According to the memo, Snyder used a defamation lawsuit against an obscure India-based online media company as a pretext to subpoena emails, phone records and text messages from former employees who spoke to the Washington. Workplace harassment post. The subpoenas were unusually broad and many of those targeted “had no plausible connection” to the Indian media company, the committee said.
The committee also alleged that Snyder sought to blame former team president Bruce Allen for problems with Washington’s work culture and that Snyder’s lawyers provided Wilkinson and the NFL with 400,000 emails from the Allen’s account, highlighting those they deemed “inappropriate”. Some email exchanges with Allen included homophobic and misogynistic comments by Jon Gruden, which leaked to reporters last fall and prompted the Las Vegas Raiders to fire Gruden as coach.
Witnesses also told the committee that Snyder sent private investigators to their home and offered them silent money. The NFL was aware of Snyder’s use of private investigators, according to documents obtained by the committee, but the practice continued, witnesses said.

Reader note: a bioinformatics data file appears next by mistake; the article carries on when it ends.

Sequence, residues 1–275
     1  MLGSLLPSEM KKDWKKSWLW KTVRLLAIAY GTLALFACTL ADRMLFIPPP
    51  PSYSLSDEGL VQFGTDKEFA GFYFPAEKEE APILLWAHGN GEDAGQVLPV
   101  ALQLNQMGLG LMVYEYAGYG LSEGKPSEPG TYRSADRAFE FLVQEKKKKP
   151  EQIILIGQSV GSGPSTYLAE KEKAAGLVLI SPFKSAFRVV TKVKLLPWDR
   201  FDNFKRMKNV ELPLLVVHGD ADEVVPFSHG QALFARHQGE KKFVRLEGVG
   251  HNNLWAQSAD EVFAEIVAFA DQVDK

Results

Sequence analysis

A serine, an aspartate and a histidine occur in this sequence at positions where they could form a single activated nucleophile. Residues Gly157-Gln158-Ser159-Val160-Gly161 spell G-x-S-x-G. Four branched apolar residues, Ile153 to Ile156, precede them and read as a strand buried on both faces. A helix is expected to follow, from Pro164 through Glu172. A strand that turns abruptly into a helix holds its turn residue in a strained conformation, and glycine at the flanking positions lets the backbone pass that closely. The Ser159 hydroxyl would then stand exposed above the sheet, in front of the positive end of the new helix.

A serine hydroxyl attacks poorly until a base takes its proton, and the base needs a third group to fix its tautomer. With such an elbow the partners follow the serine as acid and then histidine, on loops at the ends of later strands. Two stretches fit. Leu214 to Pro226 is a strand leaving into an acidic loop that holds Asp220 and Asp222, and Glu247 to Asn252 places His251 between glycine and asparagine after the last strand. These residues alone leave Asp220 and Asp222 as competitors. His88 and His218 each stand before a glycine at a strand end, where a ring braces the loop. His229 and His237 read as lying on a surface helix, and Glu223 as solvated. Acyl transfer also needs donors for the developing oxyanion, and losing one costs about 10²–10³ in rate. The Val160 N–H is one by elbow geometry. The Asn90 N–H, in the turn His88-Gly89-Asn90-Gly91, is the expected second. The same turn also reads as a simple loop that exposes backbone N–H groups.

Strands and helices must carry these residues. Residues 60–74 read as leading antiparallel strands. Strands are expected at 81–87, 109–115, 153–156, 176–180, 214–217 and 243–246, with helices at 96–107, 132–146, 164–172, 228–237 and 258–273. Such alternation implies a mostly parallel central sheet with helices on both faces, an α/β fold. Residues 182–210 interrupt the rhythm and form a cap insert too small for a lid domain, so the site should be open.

Another new allegation came from David Pauken, the team’s former chief operating officer, who told the committee in a deposition released Wednesday that Snyder directly ordered the firing of two female employees for having sex with a player and a coach. He also said the men involved were undisciplined.
Republicans on the committee accused Democrats of suing an NFL team to distract from more pressing issues and overstep the scope of the committee’s mission.
“A key responsibility of this committee is to oversee the executive branch, but all this Congress, the Democrats have turned a blind eye to the Biden administration,” said Kentucky GOP Rep. James Comer, a member of the committee. “Instead, the Oversight Committee is investigating a single private organization for malpractice that occurred years ago.”
Asked by Rep. Ralph Norman, RS.C. what authority the committee had to investigate an NFL team, Maloney replied, “We have the authority to investigate anything and everything.”
“Anything and everything,” Norman said. “It’s a total embarrassment.”
Maloney attempted to clarify that comment in his closing remarks, saying the committee was authorized “to investigate anything within the legislative power of Congress.”